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Sources and Methods:

SOURCE: Global Security.org

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US Suspicious of Massive Underground Russian Complex

by USDefense

U.S. intelligence personnel and some lawmakers are growing increasingly concerned over a massive underground complex some suspect is either a nuclear research facility or a nuclear survival complex for Russian military and government officials.

According to a report on Tuesday in WorldNetDaily.com, the huge underground facility is located underneath Yamantau Mountain in the Urals. U.S. intelligence officials estimate that it is at least the size of Washington, DC (inside the Beltway; or about 400 square miles) and able to house about 60,000 people.

"U.S. intelligence sources [say] that the Yamantau complex is but one of some 200 secret deep underground nuclear war-fighting sites in Russia, many of which have been significantly upgraded over the past six years at a cost of billions of dollars," said the online newspaper's report.

Since 1990, the symbolic end of the Cold War, military and CIA intelligence officials believe Moscow has spent some $6 billion on the construction of the Yamantau Mountain bunker. (PERO NO PAGAN SUS DEUDAS, A QUIEN SE PARECEN/)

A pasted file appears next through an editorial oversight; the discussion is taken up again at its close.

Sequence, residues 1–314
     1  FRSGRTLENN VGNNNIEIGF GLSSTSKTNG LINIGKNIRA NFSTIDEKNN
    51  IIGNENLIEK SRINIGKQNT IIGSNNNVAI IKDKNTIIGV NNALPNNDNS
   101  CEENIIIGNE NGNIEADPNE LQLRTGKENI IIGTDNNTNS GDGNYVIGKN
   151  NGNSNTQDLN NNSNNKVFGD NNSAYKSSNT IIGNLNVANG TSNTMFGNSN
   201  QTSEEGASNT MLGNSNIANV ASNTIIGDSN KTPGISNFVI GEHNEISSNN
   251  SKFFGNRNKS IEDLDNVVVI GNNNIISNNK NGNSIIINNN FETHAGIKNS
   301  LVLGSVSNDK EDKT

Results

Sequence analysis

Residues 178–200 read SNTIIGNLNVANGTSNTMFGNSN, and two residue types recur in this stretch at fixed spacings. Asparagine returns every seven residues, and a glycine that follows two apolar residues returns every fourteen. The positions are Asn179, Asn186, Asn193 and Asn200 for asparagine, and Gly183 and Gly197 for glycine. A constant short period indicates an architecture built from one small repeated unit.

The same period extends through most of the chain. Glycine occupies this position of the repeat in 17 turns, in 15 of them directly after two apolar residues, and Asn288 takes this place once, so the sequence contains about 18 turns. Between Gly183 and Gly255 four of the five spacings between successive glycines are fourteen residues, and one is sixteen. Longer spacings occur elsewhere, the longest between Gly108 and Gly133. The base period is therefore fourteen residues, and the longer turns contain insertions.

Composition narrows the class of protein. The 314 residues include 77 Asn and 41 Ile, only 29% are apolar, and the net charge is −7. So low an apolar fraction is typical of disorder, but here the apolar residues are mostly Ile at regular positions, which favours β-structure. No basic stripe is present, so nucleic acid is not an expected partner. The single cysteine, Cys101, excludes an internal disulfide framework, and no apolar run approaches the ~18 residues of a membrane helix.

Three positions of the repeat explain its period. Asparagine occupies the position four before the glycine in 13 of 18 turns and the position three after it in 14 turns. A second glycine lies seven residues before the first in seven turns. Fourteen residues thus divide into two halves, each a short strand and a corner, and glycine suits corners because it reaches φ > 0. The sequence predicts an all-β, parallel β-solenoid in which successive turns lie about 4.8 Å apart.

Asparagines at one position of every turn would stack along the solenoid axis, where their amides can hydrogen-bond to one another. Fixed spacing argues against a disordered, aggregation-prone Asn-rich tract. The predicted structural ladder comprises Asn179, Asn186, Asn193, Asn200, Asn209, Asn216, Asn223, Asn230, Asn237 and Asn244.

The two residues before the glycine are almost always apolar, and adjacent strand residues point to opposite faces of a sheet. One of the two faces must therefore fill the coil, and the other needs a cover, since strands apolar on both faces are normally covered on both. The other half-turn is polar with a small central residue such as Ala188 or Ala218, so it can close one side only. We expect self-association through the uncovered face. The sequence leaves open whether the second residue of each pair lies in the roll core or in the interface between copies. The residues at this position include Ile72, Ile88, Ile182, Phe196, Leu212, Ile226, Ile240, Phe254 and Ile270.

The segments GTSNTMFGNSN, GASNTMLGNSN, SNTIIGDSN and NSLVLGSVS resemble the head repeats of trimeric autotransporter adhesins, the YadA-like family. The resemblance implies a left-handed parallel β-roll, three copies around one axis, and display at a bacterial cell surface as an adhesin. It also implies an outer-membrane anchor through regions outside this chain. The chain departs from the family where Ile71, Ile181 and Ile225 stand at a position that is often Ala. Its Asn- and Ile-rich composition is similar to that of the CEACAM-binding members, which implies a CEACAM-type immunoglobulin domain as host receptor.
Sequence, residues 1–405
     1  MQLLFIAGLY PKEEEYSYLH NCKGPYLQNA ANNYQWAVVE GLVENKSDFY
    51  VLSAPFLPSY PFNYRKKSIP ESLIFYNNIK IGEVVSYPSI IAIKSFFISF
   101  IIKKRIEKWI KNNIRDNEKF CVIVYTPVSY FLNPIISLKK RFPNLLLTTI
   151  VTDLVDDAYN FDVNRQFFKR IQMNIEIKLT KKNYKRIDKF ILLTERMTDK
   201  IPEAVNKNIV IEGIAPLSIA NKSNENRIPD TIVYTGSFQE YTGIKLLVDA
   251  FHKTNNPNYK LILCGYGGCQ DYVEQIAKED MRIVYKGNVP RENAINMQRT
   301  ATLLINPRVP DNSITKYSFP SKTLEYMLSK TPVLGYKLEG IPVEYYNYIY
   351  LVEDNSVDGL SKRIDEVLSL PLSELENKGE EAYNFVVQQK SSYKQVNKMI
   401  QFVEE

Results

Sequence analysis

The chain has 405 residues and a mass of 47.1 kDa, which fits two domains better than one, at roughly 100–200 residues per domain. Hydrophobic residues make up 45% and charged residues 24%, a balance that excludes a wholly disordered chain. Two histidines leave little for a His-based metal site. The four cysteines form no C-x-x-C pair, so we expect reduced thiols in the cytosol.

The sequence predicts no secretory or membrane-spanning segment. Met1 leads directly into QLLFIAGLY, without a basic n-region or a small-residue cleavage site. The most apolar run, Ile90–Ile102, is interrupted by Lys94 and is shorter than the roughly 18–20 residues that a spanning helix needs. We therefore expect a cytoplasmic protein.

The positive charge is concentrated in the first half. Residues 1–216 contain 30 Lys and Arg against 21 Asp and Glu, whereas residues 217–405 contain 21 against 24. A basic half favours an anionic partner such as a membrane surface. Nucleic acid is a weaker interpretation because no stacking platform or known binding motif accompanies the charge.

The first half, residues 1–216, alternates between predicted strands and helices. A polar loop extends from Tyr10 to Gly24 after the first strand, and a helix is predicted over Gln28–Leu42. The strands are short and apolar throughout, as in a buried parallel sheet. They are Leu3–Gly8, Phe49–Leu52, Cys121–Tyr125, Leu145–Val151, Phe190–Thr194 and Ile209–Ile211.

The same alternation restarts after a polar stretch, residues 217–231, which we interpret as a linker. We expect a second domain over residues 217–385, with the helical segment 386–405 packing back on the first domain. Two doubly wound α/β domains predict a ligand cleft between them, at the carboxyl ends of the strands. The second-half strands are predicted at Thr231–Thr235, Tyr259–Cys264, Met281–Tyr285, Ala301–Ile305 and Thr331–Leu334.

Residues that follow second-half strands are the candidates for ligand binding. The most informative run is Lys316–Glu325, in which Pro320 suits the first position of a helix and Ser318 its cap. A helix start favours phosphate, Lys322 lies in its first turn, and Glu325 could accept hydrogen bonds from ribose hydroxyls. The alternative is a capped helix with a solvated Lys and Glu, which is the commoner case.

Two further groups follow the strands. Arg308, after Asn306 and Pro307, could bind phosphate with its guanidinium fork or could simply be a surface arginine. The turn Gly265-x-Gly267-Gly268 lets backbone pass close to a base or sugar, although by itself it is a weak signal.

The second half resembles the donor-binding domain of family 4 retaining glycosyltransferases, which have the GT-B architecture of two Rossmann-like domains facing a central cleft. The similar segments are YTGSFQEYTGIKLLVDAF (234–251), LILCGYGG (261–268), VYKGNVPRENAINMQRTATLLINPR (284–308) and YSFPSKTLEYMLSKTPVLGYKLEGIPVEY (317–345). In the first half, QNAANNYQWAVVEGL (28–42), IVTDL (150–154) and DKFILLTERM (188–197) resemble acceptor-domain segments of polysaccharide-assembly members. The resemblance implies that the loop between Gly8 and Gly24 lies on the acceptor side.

Worse, American officials say they have no idea what is actually going on within the confines of the massive bunker. Russian officials have kept very tight-lipped about the project, and WorldNetDaily.com said that it is directly controlled Russian President Vladimir Putin - who inherited the project from former President Boris Yeltsin.

Some see it as a doomsday survival bunker. "The only potential use for this site is post-nuclear war," said Rep. Roscoe Bartlett, Maryland Republican, and widely viewed as at least a limited expert on the Yamantau Mountain project.